Songs of Love and Battle (Children’s Vocal Score)
Scored for: Soprano and Baritone soloist, Upper Voice Youth Chorus (3 part) and Orchestra
Duration: 25 minutes
Additional Info: Songs of Love and Battle was commissioned by Opera North for their youth ensembles (Opera North Young Voices, Opera North Children's Chorus) in 2018. This dramatic micro opera depicts the conflicting emotions of war through the words and poems of Maggie Gottlieb. It tells the tale of a Yorkshire woman and her brother, who has been sent to fight in the War. Opera North’s young singers sang the roles of townspeople, English and German soldiers, mourners and narrators.
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Interviewed before the premiere Will Todd said:
“I was so excited to be asked to write a work for Opera North’s youth ensembles. I had heard a fabulous performance by the Children’s Chorus at the South Bank Centre in London in 2016 and I knew that this was a group who could perform with great energy and passion! As we approach the 100th anniversary of the 1914-18 War, which affected so many lives, and in which so many lives were lost, Maggie Gottlieb and I have been working on a piece which would remember, and in some way comment upon, that terrible conflict. Songs of Love and Battle provides a narrative on the pain and devastation of war, and a perspective on the young lives lost on both sides. With such brilliant young singers and the expertise of the creative and musical teams at Opera North, I know that the first ever performances in Yorkshire will be amazing events.”
Songs of Love and Battle received favourable reviews:
Songs of Love and Battle is a tonal piece, an interplay of innovative discordant orchestration, circling harmonic ornamentation and music of the period perfectly suited to the strident enthusiasm of Opera North’s various youth choruses and canorous phrasing of soprano Fflur Wyn and baritone Johnny Herford. As conductor, Farnes coaxes and cajoles with authority and skill, urging his musicians and singers to seize upon the bitter chaos and poignancy of Todd and Gottlieb’s collaboration.
Songs of Love & Battle is strong on the human reckoning of war: Gottlieb has said the conflict is ‘recent enough to still exist in the memories of most families, (but) distant enough for us to see it (as) a kind of explosion of the cumulative stresses caused by the power-struggles of a handful of jockeying imperial powers.’
The work ends almost as it begins, only this time it is not a zeppelin coming down in Northern England, but the balloon going up in Northern France. Cacophonous, cathartic, the intoning of casualty figures a litany of unimaginable enormity, it is testament to Todd’s writing for the youngest performers in the house that it is passionate and powerful, not trite and sentimental.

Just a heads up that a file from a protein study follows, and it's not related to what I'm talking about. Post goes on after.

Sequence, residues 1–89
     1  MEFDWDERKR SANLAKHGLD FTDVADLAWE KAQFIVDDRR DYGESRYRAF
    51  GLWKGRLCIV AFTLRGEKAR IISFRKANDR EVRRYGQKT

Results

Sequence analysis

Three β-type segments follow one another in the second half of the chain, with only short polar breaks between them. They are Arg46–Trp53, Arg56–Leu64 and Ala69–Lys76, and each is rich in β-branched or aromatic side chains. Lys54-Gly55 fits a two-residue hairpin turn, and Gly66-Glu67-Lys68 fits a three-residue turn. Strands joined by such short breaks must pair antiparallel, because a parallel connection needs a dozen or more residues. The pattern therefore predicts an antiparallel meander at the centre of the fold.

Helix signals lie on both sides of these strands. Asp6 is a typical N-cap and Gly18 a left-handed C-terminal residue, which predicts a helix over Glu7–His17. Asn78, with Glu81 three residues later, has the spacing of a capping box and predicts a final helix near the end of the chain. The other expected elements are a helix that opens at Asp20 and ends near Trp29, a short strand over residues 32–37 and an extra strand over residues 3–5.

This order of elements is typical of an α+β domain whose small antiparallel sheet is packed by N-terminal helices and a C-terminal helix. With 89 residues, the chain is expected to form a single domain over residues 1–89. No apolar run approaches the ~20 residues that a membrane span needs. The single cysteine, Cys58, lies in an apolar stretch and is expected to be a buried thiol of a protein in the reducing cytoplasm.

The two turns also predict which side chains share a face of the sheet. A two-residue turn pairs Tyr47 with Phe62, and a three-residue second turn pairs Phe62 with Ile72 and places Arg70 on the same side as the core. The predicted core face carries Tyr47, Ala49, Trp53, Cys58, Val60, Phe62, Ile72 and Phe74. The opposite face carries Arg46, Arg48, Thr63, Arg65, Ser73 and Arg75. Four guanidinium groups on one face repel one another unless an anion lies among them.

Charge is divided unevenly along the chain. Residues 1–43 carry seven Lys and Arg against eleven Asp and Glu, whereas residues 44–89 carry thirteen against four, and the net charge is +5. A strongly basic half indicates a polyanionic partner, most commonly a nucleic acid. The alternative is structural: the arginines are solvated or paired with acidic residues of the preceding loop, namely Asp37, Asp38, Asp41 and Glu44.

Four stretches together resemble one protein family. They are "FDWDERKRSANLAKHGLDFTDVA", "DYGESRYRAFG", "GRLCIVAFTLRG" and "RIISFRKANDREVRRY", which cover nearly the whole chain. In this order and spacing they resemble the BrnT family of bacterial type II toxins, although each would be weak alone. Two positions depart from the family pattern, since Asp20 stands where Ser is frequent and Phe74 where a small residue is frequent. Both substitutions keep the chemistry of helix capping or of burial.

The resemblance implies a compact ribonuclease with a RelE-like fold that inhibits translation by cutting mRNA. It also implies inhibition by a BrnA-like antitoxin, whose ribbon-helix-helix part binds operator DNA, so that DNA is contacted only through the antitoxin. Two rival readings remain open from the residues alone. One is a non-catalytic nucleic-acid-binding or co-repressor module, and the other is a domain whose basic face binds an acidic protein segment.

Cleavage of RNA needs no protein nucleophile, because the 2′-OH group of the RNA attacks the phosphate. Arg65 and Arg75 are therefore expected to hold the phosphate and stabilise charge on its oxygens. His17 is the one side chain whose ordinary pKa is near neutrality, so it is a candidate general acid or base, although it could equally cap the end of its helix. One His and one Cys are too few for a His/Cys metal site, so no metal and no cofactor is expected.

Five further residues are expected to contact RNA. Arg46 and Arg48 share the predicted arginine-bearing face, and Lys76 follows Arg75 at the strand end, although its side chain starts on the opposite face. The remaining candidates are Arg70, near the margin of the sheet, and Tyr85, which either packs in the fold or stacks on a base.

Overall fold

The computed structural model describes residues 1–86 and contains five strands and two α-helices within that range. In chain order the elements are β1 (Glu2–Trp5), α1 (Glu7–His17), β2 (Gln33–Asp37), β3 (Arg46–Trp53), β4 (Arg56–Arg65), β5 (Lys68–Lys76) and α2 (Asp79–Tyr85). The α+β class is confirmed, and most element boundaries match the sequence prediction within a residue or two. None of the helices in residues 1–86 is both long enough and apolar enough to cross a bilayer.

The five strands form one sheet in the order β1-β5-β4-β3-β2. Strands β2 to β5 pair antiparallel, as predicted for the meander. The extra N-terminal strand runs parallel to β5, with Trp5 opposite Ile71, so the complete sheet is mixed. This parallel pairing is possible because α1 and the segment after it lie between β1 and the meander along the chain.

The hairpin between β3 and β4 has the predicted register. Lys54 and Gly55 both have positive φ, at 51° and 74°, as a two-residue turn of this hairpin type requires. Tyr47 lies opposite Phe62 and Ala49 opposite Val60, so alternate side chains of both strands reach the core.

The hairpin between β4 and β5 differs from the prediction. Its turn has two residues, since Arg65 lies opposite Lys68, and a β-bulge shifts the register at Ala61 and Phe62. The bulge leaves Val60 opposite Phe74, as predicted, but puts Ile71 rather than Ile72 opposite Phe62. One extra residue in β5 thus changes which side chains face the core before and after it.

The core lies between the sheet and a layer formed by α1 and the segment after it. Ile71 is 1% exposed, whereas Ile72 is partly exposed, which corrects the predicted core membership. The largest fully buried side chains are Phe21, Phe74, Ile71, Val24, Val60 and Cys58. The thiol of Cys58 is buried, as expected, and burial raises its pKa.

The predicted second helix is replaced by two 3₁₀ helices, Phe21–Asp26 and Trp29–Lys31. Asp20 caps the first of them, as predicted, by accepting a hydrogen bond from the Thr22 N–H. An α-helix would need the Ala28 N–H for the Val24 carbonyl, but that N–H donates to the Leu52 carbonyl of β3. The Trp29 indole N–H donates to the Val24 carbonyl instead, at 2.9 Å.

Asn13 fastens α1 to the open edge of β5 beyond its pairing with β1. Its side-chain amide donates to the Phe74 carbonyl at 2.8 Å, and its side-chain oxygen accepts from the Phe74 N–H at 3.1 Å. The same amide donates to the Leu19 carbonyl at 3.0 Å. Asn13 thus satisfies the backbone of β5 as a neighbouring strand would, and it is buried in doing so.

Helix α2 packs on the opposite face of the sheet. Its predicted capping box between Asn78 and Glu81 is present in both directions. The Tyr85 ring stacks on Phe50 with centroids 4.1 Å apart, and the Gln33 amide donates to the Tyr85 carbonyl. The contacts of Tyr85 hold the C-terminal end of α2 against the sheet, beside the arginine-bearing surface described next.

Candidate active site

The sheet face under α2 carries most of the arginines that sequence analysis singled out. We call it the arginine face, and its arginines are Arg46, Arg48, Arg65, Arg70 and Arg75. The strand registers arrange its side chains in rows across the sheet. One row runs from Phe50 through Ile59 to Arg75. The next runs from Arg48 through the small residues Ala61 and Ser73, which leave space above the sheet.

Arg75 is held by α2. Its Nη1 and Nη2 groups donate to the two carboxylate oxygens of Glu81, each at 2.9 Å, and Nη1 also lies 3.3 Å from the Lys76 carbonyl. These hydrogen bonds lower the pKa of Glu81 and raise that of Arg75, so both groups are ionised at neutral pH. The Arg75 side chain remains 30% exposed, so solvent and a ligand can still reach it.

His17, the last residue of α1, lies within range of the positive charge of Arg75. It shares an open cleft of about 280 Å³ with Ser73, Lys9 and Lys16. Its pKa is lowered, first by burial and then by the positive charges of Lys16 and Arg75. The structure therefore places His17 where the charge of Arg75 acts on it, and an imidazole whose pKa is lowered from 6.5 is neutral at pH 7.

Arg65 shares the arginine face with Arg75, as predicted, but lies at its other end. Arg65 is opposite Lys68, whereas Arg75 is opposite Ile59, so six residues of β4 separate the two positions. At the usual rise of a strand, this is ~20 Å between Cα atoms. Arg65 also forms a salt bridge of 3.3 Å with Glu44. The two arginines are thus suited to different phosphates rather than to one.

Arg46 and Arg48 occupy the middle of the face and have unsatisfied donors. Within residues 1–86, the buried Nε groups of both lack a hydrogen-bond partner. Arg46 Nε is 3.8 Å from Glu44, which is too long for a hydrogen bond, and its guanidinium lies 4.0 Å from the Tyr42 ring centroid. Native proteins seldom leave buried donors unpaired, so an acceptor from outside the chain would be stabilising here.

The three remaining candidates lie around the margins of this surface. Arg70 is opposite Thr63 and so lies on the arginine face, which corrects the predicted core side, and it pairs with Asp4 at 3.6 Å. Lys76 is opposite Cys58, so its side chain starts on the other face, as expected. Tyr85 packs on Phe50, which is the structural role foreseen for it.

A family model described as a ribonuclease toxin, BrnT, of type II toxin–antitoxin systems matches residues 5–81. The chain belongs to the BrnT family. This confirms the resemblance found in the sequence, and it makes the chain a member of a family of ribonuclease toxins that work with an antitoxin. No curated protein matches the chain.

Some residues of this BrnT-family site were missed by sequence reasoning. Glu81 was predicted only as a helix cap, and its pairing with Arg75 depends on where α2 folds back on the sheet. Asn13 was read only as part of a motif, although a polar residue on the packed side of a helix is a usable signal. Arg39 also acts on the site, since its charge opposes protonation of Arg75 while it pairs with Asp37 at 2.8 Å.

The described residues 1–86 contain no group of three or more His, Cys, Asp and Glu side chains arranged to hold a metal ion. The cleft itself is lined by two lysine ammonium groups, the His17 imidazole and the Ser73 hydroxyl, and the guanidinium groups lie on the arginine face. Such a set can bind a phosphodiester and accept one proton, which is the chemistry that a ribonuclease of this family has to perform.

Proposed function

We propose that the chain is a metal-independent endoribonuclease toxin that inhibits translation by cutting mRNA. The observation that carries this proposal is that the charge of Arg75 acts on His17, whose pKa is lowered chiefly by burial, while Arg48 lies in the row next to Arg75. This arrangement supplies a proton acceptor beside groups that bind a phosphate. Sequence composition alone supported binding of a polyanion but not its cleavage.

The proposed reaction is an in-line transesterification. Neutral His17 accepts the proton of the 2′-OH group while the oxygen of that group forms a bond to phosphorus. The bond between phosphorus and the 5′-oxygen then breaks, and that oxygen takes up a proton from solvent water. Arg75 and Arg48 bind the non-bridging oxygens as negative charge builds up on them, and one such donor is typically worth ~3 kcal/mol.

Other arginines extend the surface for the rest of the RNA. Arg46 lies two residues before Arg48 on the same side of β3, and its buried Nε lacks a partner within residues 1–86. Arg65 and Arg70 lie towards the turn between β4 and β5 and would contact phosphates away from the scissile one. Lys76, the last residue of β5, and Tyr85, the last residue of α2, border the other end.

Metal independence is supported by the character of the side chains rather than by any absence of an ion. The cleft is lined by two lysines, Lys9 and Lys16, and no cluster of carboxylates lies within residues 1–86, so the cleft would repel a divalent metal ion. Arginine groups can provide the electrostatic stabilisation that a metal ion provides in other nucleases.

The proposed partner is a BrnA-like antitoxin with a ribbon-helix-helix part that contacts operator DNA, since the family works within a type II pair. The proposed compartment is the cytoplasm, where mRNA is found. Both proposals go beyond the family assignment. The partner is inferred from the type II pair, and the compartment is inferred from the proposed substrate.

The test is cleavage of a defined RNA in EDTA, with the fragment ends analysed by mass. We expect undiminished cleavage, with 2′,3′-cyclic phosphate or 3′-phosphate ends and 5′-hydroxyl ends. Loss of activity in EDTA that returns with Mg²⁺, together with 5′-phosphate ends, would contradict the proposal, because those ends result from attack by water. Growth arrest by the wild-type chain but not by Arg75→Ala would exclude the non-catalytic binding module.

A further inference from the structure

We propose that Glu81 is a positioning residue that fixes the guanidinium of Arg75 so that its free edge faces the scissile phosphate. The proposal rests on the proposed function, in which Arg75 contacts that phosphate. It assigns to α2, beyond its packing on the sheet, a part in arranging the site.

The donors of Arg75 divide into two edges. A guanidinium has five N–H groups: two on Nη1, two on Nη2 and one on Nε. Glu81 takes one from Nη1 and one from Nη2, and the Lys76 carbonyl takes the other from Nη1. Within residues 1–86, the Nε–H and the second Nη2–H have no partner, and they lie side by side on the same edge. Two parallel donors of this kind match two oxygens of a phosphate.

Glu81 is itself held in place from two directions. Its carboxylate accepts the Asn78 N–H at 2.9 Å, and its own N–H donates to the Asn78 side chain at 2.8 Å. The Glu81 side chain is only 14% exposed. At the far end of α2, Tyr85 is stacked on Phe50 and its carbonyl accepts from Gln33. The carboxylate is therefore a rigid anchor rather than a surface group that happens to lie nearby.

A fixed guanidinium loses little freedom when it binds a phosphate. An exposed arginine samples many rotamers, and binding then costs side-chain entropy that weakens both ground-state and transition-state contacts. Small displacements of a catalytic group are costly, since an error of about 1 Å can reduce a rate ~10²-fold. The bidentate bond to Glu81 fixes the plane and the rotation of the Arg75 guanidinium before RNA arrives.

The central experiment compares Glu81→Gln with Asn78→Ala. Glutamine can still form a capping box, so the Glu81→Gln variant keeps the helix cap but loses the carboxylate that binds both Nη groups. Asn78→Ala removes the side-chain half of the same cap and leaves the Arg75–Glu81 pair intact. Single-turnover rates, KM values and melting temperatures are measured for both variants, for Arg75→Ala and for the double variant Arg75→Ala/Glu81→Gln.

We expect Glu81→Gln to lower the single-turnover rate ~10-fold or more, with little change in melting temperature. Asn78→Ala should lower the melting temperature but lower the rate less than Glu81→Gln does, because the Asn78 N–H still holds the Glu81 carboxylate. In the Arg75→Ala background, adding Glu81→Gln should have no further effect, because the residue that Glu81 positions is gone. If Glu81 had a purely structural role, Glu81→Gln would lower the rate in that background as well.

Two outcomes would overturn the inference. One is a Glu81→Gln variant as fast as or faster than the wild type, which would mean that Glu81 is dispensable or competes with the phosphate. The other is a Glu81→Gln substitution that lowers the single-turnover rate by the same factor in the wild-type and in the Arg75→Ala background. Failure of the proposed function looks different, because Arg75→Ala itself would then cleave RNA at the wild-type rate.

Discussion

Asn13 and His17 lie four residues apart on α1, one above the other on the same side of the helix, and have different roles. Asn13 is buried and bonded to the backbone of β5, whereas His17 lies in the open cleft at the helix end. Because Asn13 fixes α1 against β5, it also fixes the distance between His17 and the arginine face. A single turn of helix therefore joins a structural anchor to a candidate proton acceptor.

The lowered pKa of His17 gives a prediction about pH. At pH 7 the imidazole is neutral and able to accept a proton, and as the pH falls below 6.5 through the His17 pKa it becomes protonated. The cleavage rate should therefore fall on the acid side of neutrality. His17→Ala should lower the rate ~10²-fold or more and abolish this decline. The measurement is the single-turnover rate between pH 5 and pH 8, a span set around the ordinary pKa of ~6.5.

Songs of Love and Battle provides a narrative on the pain and devastation of war, and a perspective on the young lives lost on both sides,’ the composer has said. On the evidence of tonight’s concert, what it also offers is hope and that is one battle which is always worth engaging in. [Neil Mudd, City Culture, 4 December 2018]
Will Todd is a composer who is never afraid to employ the popular and straightforward and in Songs of Love and Battle’s half-hour of vivid music, dramatic evocations of the sounds of battle, emotional vocal solos and matter-of-fact statements from the Front jostled alongside uplifting songs of the day.
Using soprano and baritone soloists, massed children’s choirs and a generally orthodox symphony orchestra (the main oddities being the presence of an accordion and a very light woodwind section of three), Songs of Love and Battle set Maggie Gottlieb’s words in eight short parts, mostly about the build-up to the Battle of the Somme in 1916. The only earlier scene, a recruitment fair in 1914, was the most striking example of Todd’s merging of musical idioms, with a richly evocative treatment of It’s a Long Way to Tipperary, the Opera North Children’s Chorus marching boldly in their places.
The music proved accessible at all times, the final part – the approach of battle chanted over percussion – proved a suitably powerful conclusion, both Fflur Wyn and Johnny Herford sang their roles capably, Richard Farnes kept impeccable control of disparate forces, but the real heroes were the Children’s Chorus, Young Voices and Youth Chorus of Opera North, disciplined, committed and confident in music that was skilfully shaped to the abilities of singers aged from 8 to 19. [Ron Simpson, The Review Hub, 23rd November 2018]
Will Todd’s piece is extremely powerful and deserves to be more widely known. [Barbara Slaughter, World Socialist Website, 23rd January 2019]
Children's Vocal Score: ISMN 9790570700356